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Yuan Xu is associate professor, Energy and Sustainability, at the Chinese University of Hong Kong

After nearly four decades of economic reforms and gradual reintegration into the world from self-isolation during the Cultural Revolution, China in recent years has been actively expanding its influence globally and just reaffirmed its commitment to the Paris agreement on climate change. At the same time, Donald Trump's withdrawal from the most important and inclusive climate treaty marks a grand retreat for the United States from the global arena, which could provide a great opportunity for China.

First, China's environmental and national image have rarely been more positive and the country has never been more important to the world over the past two centuries. China's CO2 emissions, including the infamous air quality in Beijing, are now equivalent to those from the United States and the European Union combined. China's colossal size and determined commitment puts it in a leading position in the global cause, with high environmental, economic, social and political stakes. The reversal of China's climate position in the past decade was largely driven by evolving domestic factors – such as air pollution, energy security and the rise of renewable energy industries. At the same time, climate mitigation has been more and more used as a strategic-governance tool to holistically address these numerous, smaller, yet still challenging, domestic tasks. For China, global leadership on climate change and the solution to domestic problems are increasingly compatible to each other.

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Analysis: Can China be a world leader on climate change?

Second, climate mitigation is heavily innovation-intensive, demanding countless new technologies and rapid industrial learning and upgrading on energy efficiency, renewable energy, energy storage, smart grid, transportation and so on. The United States has been the world innovation centre for more than a century. Although China has made dramatic progress in the past fifteen years in terms of science and technology, it is less likely that it could overtake the United States in this aspect any time soon. However, an especially bright spot is in the related fields of climate mitigation, such as wind and solar technologies.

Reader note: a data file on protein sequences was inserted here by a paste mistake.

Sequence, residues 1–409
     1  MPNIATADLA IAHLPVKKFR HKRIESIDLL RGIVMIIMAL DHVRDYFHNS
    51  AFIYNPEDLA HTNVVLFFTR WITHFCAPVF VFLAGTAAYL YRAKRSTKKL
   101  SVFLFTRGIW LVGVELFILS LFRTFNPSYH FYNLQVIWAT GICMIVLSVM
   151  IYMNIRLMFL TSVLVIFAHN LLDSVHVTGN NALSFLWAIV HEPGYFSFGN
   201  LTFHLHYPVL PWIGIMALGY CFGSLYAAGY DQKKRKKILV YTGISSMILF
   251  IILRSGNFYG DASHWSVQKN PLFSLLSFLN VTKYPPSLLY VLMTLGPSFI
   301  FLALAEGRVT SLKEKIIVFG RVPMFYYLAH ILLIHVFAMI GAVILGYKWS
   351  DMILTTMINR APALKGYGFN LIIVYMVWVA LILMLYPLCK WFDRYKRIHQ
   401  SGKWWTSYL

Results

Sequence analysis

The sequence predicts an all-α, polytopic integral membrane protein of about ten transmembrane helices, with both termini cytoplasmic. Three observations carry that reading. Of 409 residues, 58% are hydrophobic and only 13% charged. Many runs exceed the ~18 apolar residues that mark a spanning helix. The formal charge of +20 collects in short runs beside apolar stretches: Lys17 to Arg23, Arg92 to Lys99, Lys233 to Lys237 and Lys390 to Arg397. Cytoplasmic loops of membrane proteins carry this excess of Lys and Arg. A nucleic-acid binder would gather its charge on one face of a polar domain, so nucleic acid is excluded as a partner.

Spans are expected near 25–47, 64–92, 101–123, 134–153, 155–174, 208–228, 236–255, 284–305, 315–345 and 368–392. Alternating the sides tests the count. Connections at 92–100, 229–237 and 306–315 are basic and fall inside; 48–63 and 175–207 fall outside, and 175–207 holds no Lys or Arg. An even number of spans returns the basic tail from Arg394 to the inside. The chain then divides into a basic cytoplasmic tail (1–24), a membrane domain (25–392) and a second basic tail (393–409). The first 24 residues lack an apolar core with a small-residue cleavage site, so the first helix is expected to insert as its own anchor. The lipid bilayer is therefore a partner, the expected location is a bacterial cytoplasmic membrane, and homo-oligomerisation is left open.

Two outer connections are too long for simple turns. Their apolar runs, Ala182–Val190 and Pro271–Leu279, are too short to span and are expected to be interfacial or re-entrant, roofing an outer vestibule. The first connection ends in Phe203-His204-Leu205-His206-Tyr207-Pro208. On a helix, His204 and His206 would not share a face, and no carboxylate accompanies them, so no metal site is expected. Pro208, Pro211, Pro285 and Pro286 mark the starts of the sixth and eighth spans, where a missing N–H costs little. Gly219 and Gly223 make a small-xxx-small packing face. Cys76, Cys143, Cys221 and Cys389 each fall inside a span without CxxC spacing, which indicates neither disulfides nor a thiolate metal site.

The withdrawal of the United States could dampen its climate-related innovation and technological competitiveness to gradually and steadily shift the geography toward China. This could help drive the country from a labor-intensive, developing economy – a world factory – to an innovation-based, developed one – a global innovation centre.

Third, the retreat of the United States could make China's development model more attractive. Environmental degradation and climate change are serious problems not only in China but also in other rapidly industrializing countries. The lower economic development stages indicate their desire of further economic growth. China's unwavering stand on the Paris agreement and its huge climate-related industries provide an intriguing development model for developing countries. If a country chooses not to passively evade but to actively embrace it, climate change will be not just a global problem to request costly mitigation but also an economic opportunity to create millions of new jobs.

Fourth, in addition to the climate strategy, China's other equally important international strategy is the One Belt, One Road (OBOR) initiative that focuses on massive investments in infrastructure, primarily on the Eurasian continent. Many of these infrastructure projects are relevant to energy supply and consumption and have significant climate implications. The resulting faster economic growth could also increase CO2 emissions from these countries, especially if their energy mix is CO2 intensive. If China synchronized the two grand strategies, it would mutually strengthen the progress of each.

When China launched the Asian Infrastructure Investment Bank in 2014 – a supporting organization for the OBOR initiative – the United States tried but failed to persuade many of its allies from joining. If China could lead OBOR countries onto a more climate-friendly development path under the Paris agreement, Mr. Trump's withdrawal and self-isolation would push more countries into supporting the Chinese initiative with long-term profound impacts on the global roles of the two big powers.

Mr. Trump has provided a historic opportunity to China by pulling the largest economy and most important global leader out of the Paris agreement. I believe China will not waste the Trump opportunity.

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